Your annual visit to the gynecologist isn’t something you’re likely to get excited about. However, it is one of the most important events on your calendar in regards to your health.
“One of the things that we need to dispel is the myth that the annual visit is just the pap smear,” said Dr. Abike James, lead physician at Penn OBGYN Associates. “While the pap smear is no longer done every year, the annual visit is a critical appointment that can make sure your health needs are being met, as well as pick up conditions such as fibroids or ovarian cysts that you didn’t know you have.”
To better prepare you for your annual gynecologic appointment, we asked Dr. James for advice on how you can make the most of it — at all stages of your life.
Preparing During Adolescence
When teens and young women — younger than 21 — visit Dr. James, she thinks they should be prepared to address their menstrual cycles and their sexual health needs.
“Sometimes for a young woman, when she first starts having [menstrual] cycles, they are very irregular, and/or they are very heavy and painful,” Dr. James said. “She might not know what’s too irregular or too heavy. We can help her manage her cycle and intervene if we need to.”
Dr. James also encourages a discussion about the young woman’s desires regarding sexual activity.
“Even if they come with a parent, we will request alone time with them,” Dr. James said. “That’s their opportunity to talk about their sexual health, sexually transmitted disease prevention, and their contraceptive needs (if any).”
What to Address During Young Adulthood
In addition to your sexual health history and menstrual cycle, one of the major topics of conversation during annual appointments in your 20s, 30s and early 40s is pregnancy.
Dr. James asks women if they are interested in pregnancy. “If they are not, I will discuss contraceptive options with them,” she said. “If they are, we will discuss optimizing their health before conception, taking into account their specific health issues. There may be labs that need to be done and vitamins to start.”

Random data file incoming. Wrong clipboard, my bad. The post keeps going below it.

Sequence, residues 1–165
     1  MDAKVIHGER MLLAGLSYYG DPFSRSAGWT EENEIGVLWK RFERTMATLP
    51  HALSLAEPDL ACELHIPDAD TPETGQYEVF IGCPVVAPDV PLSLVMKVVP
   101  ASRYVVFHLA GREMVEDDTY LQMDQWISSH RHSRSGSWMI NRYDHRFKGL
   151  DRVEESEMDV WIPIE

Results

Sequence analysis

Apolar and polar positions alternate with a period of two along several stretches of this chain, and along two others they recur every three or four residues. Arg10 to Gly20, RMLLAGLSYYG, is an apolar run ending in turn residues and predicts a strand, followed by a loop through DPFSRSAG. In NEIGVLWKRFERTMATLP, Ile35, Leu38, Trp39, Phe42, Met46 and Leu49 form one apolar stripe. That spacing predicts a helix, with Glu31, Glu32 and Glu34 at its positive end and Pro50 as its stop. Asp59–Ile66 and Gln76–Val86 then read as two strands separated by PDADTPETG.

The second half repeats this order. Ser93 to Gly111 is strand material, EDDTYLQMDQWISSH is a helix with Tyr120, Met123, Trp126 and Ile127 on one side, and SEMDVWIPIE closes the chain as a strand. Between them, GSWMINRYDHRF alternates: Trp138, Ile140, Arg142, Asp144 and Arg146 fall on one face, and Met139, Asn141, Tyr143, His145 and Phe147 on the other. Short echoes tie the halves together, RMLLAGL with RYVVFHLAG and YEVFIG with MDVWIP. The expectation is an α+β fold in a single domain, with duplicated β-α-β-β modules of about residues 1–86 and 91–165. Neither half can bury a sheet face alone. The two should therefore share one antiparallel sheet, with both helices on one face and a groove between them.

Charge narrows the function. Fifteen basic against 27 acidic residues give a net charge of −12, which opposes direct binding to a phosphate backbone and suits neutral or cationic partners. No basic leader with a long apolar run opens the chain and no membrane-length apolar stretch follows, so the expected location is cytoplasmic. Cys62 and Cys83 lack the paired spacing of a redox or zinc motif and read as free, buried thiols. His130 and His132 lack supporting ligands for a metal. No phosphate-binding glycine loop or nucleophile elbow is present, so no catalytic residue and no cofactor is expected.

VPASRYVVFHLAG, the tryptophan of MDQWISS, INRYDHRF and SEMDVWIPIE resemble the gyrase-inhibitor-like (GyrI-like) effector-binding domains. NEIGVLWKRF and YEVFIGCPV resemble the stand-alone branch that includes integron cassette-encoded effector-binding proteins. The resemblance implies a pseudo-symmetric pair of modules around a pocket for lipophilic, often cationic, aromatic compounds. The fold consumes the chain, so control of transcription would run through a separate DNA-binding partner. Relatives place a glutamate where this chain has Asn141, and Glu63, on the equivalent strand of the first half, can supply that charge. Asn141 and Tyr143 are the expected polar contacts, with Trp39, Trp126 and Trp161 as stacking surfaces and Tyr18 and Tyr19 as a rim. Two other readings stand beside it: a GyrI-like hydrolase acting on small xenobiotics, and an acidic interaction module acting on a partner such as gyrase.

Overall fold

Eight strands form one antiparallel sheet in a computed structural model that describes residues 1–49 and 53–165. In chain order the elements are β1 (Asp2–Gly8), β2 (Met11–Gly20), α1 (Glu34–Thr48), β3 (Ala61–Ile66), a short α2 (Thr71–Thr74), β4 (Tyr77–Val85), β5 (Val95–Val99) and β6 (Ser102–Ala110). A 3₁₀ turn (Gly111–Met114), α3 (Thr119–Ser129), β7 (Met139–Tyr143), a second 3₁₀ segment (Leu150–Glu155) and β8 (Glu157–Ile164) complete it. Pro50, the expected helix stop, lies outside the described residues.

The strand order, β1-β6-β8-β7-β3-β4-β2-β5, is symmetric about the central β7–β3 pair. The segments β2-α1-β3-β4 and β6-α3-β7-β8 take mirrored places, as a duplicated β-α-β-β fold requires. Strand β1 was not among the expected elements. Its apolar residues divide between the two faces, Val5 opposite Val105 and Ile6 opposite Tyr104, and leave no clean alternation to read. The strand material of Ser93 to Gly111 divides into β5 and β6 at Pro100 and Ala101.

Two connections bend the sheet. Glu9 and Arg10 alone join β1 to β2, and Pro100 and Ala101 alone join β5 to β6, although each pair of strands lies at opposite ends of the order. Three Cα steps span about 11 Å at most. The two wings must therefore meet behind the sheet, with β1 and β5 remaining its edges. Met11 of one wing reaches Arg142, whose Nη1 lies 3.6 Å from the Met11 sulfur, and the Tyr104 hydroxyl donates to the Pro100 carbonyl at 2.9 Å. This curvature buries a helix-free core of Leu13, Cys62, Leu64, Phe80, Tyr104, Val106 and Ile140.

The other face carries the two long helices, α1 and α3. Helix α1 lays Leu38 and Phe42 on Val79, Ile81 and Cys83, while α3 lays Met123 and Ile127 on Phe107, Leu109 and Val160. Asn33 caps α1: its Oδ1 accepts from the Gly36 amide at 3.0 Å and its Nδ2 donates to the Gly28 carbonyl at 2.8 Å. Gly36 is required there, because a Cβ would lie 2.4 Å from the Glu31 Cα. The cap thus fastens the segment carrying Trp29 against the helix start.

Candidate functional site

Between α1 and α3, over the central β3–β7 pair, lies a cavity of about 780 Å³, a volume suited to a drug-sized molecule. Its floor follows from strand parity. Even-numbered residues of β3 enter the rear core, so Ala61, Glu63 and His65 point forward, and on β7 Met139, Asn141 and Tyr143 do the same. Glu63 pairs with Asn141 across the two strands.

And if you are interested in pregnancy but are having difficulties conceiving or do not have a partner, your gynecologist can discuss reproductive and fertility services, including preconception planning, in vitro fertilization, management of PCOS and endometriosis, egg donation and more.
What to Talk About During Perimenopause and Beyond
Women in their 40s and 50s who are in perimenopause – the transition phase right before menopause during which some of the symptoms commonly associated with menopause occur — should be prepared to address their menstrual cycles as well as bodily changes and sex drive.
“As their cycles are changing, they may start experiencing symptoms such as hot-flashes, vaginal dryness and mood changes,” Dr. James said. “They should discuss these symptoms with their provider who may be able to offer treatment.”
Sometimes, other-potentially embarrassing topics should also be reviewed during your annual visit.
“They might also have questions about libido that they don’t like to bring up,” Dr. James said. “Other things like incontinence — urinary leakage — or prolapse, when their reproductive organs are beginning to come out” should all be addressed.
If you are post-menopausal, be prepared to discuss health maintenance and cancer screening, including timing of mammograms, pap smears and bone density scans.
What to Note Throughout Your Lifetime
“The one thing we address with everyone is their menstrual cycle – whether there are problems with it, or it’s going fine,” Dr. James said, noting that many times women aren’t prepared to discuss the dates of their last period, its regularity and other basic information about their bodies.
“These days there’s an app for everything, including period tracking,” she said. “Wherever you are in your reproductive cycle – be prepared to discuss your period.”
You also should feel comfortable discussing anything related to your sexual health and wellbeing with your gynecologist.
“Your gynecologist’s office should be a safe space,” Dr. James said. “You can discuss anything with regards to your sexual history and your sexual identity. And certainly if there are any concerns of abuse, bring that up with your gynecologist.”
While some of what you’ll discuss during your annual visit can seem embarrassing, try to overcome any bashfulness. Chances are your gynecologist has seen and heard what you’re going to tell them before.
Remaining silent or withholding information could be detrimental to your health.
And remember, your doctor isn't there to judge you and your choices — she’s there to help keep you safe.